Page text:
Here's the story behind Dissent Pins: In the week following the 2016 election, I heard one story that inspired me. Justice Ruth Bader Ginsburg has a special collar she wears on days when she dissents from decisions being handed down by the Supreme Court. (She also has a collar she wears when she's reading majority opinions.)
Justice Ginsburg wore her “dissent collar” on November 9, 2016, a day when no opinions were read.
I decided to make replicas of RBG's collar as a holiday gift, and contacted one of my favorite illustrators, Caitlin Kuhwald, who produced the illustration that was turned into 100 hard enamel pins. As I gave them out, I got more and more requests for them.
Then, on January 28th, I watched videos and photos of lawyers lining up in airports to offer assistance to people coming into the US. My first thought was: these are lawyers that should never want for resources. So I asked Caitlin to help me make a package for the Dissent Collar pins, and we opened this store.
50% of the profits from every Dissent Collar pin will go to organizations doing important work right now: the work of defending our democracy.
— Nick Jehlen
- Click here for a list of the organizations we support
- Click here for more about Ruth Bader Ginsburg's Dissent Collar
Who is behind Dissent Pins?
Nick Jehlen has been designing tools for social change for 20 years. He designed actions for the campaign to save the Fenway neighborhood in Boston (a campaign that successfully saved Fenway Park from destruction); he co-founded Turn Your Back on Bush; designed the online, in-person, and phone voting system for Philly's Ballot Box (a shadow election); served on the organizing committee and designed the online live streaming tools for Winter Soldier: Iraq & Afghanistan;, and was the lead organizer and designer of Enough Fear, a series of public phone banks in the US that connected with volunteers he recruited in Iran. Nick was also the Art Director at The Progressive for 14 years. Currently, Nick is a partner at Common Practice, where he leads the design of tools that help people talk about serious illness and death, including the games Hello and My Gift of Grace.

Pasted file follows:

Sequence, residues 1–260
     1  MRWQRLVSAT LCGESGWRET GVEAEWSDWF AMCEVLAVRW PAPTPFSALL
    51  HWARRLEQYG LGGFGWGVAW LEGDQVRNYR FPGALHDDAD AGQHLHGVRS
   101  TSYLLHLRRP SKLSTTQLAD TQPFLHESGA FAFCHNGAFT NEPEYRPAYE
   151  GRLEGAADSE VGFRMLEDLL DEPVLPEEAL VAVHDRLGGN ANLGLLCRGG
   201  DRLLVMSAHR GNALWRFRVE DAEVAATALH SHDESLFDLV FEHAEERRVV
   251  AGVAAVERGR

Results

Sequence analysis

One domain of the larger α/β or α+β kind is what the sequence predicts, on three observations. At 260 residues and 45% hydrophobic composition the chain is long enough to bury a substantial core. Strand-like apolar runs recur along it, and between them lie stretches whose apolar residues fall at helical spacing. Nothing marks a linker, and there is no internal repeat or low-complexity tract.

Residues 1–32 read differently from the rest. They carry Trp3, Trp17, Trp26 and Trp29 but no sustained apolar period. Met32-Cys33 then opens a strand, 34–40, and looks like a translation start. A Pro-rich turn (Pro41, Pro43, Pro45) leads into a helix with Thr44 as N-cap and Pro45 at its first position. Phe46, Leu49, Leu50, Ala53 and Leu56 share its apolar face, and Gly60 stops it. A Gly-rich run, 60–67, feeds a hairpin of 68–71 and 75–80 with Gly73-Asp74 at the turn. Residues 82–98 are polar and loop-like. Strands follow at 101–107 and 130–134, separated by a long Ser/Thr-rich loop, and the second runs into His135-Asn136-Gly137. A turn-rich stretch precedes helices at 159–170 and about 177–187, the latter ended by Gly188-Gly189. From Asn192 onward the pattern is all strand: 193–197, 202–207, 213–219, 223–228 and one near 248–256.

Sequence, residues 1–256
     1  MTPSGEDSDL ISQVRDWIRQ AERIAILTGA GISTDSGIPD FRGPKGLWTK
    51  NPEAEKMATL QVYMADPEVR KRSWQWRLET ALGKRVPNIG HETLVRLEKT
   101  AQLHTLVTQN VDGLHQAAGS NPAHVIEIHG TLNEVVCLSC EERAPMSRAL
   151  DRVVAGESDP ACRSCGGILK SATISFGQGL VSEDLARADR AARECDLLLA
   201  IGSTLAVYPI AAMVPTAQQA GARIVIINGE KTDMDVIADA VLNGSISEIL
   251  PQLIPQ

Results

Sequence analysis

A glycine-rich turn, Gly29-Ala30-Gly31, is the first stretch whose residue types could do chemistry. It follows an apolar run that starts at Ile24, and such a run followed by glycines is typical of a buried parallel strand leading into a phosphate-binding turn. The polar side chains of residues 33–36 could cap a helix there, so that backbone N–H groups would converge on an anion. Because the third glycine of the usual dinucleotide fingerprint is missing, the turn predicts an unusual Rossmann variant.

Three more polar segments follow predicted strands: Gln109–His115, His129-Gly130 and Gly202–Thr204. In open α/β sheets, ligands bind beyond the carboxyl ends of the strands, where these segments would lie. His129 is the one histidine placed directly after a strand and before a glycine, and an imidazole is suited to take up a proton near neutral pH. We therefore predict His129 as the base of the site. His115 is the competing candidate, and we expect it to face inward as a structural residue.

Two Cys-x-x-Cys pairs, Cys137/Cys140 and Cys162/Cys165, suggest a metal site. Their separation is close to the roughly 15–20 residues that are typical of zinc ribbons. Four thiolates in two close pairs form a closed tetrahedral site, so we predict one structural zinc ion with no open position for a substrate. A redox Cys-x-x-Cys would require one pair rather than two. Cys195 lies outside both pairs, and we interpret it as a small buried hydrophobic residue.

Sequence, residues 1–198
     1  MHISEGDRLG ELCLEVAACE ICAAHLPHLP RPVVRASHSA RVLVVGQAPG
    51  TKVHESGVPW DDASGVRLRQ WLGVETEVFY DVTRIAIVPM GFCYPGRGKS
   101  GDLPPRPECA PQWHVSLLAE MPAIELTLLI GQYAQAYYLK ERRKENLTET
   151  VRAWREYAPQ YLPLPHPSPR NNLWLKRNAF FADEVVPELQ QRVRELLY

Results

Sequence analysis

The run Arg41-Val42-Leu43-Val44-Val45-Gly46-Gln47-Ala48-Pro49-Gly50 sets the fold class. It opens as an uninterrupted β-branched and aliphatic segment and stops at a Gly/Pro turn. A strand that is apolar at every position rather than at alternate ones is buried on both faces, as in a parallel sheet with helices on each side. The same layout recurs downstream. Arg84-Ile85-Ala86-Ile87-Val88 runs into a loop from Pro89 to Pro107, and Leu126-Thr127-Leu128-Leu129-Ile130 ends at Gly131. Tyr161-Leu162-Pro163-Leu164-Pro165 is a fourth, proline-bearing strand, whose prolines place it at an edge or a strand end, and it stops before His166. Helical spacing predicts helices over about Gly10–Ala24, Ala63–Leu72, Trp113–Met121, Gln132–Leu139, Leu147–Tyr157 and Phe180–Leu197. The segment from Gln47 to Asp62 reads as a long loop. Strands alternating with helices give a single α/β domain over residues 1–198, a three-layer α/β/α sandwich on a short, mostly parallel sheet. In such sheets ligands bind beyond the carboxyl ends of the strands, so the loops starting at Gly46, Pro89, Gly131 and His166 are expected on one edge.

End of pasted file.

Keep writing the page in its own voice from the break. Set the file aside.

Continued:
Caitlin Kuhwald created the illustrations for the Dissent Collar pin and packaging. She received a BFA in Illustration from the California College of Arts and Crafts, and an MFA in painting from the Pennsylvania Academy of the Fine arts in Philadelphia. Now she freelances from her studio in Los Angeles. Her illustrations appear in various magazines, books and other media. And her work has been recognized by American Illustration, The Society of Illustrators and Communication Arts.
Caitlin is also an illustration instructor. At CCA in San Francisco she taught illustration, drawing and watercolor for eight years. Currently she teaches at UCSD in the Extension Department.
Madeline Elwell manages customer service for Dissent Pins. Madeline is a Philadelphia native and she wears her dissent pin with pride. Madeline graduated from Smith College in 2018 with a degree in Sociology and Africana Studies. She now splits her time between Dissent Pins and Common Practice where she is the Customer Engagement Director,